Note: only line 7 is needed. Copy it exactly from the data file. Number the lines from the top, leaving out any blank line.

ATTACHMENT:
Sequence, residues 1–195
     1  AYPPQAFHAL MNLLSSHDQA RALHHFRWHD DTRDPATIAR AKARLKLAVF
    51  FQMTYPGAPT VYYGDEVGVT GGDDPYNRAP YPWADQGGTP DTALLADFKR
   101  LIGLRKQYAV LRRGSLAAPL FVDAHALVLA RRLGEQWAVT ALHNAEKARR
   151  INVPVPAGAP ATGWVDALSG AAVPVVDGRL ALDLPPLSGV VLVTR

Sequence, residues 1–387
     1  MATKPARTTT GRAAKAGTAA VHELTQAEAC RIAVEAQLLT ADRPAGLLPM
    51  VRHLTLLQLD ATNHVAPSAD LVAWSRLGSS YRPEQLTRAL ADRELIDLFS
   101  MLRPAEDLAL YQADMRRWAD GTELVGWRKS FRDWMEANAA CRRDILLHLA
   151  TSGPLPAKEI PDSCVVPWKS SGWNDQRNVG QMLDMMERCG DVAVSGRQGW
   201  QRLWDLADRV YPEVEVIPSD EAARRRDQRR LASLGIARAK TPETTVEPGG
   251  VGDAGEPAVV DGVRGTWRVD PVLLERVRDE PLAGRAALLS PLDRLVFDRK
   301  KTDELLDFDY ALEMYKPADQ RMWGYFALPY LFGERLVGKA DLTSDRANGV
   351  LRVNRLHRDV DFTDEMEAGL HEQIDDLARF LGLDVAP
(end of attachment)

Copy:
     1  MATKPARTTT GRAAKAGTAA VHELTQAEAC RIAVEAQLLT ADRPAGLLPM